Six months after MoviePass began placing numerous restrictions on its subscribers in an attempt to prevent the service from completely shutting down, the company today has relaunched with a new advertising campaign and the promise of a new unlimited plan.
As reported by Variety, the so-called "MoviePass 2.0" is rolling out with a few new plans this month, with prices that change depending on your region. Plans start at $9.95/month for three movies per month, but you're limited to only a selection of specific films available each day. This "Select" plan is cheaper for people in the middle of the country, because tickets are generally cheaper in smaller cities, and in big cities it'll be priced at $14.95/month.
There's a mid-tier "All Access" plan priced at $14.95 in small cities, allowing access to all 2D films with the usual three films per month limit. Lastly, the top-tier plan is called "Red Carpet," and it is priced at $19.95/month. On this plan, subscribers can see any three movies of their choosing per month, even in IMAX, 3D, and other premium formats. In big cities, Red Carpet will cost as much as $24.95/month.
All of these new plans still restrict every MoviePass subscriber to just three movies per month, but MoviePass executive vice president Khalid Itum said that the company is gearing up to reintroduce an unlimited subscription plan very soon. Next week, a form of the original MoviePass unlimited plan will be unveiled, but pricing and specific plan details were not covered today.
MoviePass says that after losing subscribers steadily over the past few months, it has started to again increase its numbers and customer sentiment has improved.
Prior to launching the new plans, only 44% of customers had a positive feeling towards MoviePass, according to data collected by NetBase. Last week, that rose to 59% of respondents having a positive view.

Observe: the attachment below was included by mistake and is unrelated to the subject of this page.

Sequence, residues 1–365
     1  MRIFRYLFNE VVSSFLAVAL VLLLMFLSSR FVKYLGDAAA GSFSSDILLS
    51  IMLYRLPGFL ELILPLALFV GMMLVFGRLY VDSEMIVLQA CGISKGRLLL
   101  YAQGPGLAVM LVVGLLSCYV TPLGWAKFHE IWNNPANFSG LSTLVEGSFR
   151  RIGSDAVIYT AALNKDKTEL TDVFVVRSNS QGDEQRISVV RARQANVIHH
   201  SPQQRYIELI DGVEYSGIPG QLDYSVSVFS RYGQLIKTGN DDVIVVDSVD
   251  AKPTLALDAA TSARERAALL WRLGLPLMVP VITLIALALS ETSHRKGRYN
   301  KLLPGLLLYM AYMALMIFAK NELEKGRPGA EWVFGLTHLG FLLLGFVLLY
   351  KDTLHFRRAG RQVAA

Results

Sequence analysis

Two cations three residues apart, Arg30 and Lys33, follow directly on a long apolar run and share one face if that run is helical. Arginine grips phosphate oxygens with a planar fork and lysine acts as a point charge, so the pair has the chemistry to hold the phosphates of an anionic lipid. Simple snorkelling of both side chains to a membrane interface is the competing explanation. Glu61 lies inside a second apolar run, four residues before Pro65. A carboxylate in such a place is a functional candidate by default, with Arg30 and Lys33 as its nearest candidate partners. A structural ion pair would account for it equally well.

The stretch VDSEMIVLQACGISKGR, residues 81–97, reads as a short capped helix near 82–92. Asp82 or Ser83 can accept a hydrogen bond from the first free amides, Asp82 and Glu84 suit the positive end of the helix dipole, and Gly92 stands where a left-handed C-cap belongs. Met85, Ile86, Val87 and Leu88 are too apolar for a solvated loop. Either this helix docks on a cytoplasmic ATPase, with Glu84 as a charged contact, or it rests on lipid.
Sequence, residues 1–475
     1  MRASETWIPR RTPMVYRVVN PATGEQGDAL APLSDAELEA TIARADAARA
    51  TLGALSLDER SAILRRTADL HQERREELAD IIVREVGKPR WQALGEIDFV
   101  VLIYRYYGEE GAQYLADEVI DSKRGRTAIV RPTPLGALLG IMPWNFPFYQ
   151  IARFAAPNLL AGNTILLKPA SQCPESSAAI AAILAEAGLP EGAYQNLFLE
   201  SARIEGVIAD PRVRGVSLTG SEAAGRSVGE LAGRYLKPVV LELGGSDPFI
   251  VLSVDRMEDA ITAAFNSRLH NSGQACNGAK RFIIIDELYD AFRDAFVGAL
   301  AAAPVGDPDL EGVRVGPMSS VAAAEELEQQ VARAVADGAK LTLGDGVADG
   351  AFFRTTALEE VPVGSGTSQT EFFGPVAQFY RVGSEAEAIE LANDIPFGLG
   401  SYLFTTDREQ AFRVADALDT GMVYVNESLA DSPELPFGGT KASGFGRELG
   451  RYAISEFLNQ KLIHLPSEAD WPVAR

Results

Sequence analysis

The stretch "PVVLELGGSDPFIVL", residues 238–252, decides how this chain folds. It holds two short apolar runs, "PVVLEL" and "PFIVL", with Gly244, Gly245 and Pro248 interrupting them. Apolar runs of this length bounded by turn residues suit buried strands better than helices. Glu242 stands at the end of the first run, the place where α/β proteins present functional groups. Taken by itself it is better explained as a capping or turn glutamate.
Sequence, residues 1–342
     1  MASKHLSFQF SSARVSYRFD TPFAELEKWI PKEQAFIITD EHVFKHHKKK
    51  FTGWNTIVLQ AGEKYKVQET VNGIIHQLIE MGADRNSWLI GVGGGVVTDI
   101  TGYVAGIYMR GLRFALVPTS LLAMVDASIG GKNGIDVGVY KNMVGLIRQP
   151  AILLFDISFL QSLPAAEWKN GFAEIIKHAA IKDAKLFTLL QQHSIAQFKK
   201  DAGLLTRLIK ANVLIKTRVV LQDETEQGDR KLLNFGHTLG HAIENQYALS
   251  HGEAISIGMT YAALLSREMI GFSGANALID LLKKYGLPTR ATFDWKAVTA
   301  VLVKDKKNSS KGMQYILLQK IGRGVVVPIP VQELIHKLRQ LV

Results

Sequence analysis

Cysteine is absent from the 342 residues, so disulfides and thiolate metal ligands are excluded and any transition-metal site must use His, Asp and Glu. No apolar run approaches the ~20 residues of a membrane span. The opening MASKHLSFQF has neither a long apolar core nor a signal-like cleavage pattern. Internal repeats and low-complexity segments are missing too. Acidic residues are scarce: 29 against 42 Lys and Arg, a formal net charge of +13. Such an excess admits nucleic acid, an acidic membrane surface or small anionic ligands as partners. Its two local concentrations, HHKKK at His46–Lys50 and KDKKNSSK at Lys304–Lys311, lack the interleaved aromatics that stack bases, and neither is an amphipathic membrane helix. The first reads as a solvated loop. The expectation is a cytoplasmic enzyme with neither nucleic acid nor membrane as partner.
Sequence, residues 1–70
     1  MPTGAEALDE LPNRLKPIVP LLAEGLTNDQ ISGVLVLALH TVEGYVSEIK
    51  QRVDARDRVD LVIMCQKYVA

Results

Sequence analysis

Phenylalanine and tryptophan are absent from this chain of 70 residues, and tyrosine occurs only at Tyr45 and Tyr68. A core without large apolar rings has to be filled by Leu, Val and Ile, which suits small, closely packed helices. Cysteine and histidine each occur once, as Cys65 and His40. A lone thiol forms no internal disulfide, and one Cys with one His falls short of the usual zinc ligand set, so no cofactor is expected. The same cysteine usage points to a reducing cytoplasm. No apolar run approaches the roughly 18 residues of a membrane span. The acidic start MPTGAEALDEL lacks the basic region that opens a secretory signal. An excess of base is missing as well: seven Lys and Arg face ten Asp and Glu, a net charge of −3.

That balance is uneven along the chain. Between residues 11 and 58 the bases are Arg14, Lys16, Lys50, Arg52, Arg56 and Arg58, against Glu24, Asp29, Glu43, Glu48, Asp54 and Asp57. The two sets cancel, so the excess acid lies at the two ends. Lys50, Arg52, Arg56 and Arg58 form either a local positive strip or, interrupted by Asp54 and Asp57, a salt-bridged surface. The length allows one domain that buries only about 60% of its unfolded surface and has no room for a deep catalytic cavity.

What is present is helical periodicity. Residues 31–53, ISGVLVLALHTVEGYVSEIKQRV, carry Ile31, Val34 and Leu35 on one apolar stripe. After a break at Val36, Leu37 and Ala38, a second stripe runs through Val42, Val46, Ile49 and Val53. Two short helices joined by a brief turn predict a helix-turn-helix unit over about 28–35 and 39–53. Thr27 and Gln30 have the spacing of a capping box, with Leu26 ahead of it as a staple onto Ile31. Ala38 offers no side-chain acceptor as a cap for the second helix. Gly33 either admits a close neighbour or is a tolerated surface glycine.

“I feel like we’re turning a corner,” said Itum.
In total, Itum says that MoviePass will stop focusing on being a "disruptor" of the industry in attempt to remove the friction between itself and theater chains. This means it will no longer take large cuts of any concessions it helps to sell by getting people to theaters, but will instead charge a small service fee for items it sells. The company will also no longer ask theaters to give MoviePass a discount on tickets that it sells.
Itum is also working on a "red label" solution for exhibitors, which would help them to launch their own theater subscription programs using the MoviePass platform and existing technology. Overall, the vice president described MoviePass as adopting a "more humble" posture in 2019: "Our new business strategy is stabilize, optimize, and grow," he said.
Whether that works for the company remains to be seen. MoviePass originally made waves in August 2017 as the company dropped the price of its main subscription plan to just $9.95/month, allowing users to watch one standard 2D film every day of each month. That price point lasted for nearly one year, and eventually the company added on surge pricing, blockbuster movie restrictions, price hikes, and removed the unlimited monthly plan completely.